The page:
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ABSMaterials partners with College of Wooster to build model stormwater campus

ABSMaterials is partnering with the College of Wooster on a plan that aims to turn the campus into a zero stormwater discharge campus, and a model for the rest of the country.
Jenna Blankenship, Executive Assistant at ABSMaterials, says they’ll use their patented Osorb technology on the project. Engineered in 2005 by Dr. Paul Edmiston, Peterson Chair of Chemistry at the College of Wooster and co-founder of ABSMaterials, Osorb is used in water treatment applications to detect and separate contaminated molecules.
“As stormwater travels, it picks up all sorts of contaminants, including oil, pesticides, nutrients, pharmaceuticals, and household chemicals,” Blankenship explains. “As a result, the surface water becomes polluted, which causes a number of problems related to water quality and algae growth.”
Blankenship believes this is an overlooked issue, ineffectively communicated to the public considering the hundreds of millions of Americans that rely on clean surface water for their drinking water, crop irrigation and recreation. “Lake Erie, for example, provides drinking water for almost 12 million people […] but around 5 billion gallons of untreated water is discharged to the lake every year.”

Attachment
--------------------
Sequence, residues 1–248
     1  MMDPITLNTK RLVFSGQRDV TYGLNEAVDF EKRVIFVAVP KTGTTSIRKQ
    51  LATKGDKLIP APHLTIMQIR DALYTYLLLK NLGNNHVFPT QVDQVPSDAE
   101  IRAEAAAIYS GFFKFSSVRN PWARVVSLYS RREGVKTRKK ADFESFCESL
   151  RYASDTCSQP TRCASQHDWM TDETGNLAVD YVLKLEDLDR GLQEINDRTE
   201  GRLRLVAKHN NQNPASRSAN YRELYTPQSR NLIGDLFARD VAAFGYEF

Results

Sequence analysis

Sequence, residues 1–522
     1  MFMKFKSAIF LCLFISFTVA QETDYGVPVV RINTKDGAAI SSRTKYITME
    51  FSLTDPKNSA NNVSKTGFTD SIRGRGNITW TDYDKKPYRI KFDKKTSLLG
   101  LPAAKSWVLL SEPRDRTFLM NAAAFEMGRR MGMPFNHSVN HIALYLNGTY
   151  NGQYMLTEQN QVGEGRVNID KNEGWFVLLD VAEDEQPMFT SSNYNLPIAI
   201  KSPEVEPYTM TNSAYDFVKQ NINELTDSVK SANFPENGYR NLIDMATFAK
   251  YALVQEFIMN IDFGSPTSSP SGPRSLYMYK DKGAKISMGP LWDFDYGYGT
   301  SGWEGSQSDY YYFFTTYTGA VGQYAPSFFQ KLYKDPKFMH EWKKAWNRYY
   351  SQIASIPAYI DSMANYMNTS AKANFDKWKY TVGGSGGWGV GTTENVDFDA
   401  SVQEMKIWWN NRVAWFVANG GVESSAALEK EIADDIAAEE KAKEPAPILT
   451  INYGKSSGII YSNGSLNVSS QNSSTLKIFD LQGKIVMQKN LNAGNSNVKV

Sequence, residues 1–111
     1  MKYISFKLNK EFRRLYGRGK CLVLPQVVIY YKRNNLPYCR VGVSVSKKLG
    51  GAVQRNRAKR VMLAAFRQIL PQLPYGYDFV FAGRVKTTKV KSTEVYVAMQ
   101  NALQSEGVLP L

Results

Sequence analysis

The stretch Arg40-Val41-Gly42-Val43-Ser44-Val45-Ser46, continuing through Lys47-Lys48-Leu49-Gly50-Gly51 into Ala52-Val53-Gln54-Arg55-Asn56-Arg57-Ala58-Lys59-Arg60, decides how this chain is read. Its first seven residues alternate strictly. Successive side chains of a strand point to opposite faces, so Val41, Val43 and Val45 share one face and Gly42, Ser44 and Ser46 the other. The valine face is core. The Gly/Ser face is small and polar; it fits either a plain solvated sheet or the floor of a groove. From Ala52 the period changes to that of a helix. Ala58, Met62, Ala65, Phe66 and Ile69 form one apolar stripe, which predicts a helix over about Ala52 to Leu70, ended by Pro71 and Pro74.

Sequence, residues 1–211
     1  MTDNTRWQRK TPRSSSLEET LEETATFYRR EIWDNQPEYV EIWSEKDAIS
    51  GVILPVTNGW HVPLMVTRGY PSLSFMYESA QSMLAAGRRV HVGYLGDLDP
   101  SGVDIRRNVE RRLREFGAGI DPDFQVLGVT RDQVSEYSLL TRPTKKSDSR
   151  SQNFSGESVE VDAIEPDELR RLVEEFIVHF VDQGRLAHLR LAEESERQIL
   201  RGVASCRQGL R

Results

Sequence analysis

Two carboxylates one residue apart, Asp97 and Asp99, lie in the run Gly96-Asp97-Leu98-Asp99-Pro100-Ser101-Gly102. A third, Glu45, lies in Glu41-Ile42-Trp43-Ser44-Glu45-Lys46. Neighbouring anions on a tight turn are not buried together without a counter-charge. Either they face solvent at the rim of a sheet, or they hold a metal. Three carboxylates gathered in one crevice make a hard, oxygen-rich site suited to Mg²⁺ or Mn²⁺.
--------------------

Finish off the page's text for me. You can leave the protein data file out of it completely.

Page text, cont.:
ABSMaterials previously worked with the College of Wooster in 2011. A field site was constructed with an Osorb rain garden and a control garden, funded by the National Science Foundation. Blankenship counts that prior relationship as key to developing this new project, noting they recently completed a site survey to select areas where stormwater systems should be built on campus.
“The areas selected are places where there is excess stormwater runoff that needs to be managed,” she says. “We will submit a final outline of the plan to the College in February, and construction should begin a little later in the year.”
Source: Jenna Blankenship
Writer: Joe Baur

tesla nanocoatings expands to stark state for future research and development on corrosion coating

Corrosion is a serious global problem of massive proportions, according to Todd Hawkins, managing director of Massillon’s Tesla NanoCoatings Limited.

In response to the problem, Tesla NanoCoatings worked with the U.S. Army Engineer Research and Development Center (ERDC) for five years to engineer Teslan -- a revolutionary carbon nanocoating to control corrosion.